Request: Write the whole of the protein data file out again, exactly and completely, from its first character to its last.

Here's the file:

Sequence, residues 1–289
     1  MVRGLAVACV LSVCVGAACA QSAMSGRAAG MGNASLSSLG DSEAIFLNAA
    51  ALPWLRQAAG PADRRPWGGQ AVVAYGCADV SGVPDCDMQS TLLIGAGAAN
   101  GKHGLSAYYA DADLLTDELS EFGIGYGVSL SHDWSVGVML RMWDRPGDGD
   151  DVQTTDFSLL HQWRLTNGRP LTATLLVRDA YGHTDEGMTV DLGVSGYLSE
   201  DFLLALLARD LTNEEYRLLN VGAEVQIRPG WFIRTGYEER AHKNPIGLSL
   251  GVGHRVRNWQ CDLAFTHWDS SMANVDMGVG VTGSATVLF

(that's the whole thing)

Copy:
Sequence, residues 1–289
     1  MVRGLAVACV LSVCVGAACA QSAMSGRAAG MGNASLSSLG DSEAIFLNAA
    51  ALPWLRQAAG PADRRPWGGQ AVVAYGCADV SGVPDCDMQS TLLIGAGAAN
   101  GKHGLSAYYA DADLLTDELS EFGIGYGVSL SHDWSVGVML RMWDRPGDGD
   151  DVQTTDFSLL HQWRLTNGRP LTATLLVRDA YGHTDEGMTV DLGVSGYLSE
   201  DFLLALLARD LTNEEYRLLN VGAEVQIRPG WFIRTGYEER AHKNPIGLSL
   251  GVGHRVRNWQ CDLAFTHWDS SMANVDMGVG VTGSATVLF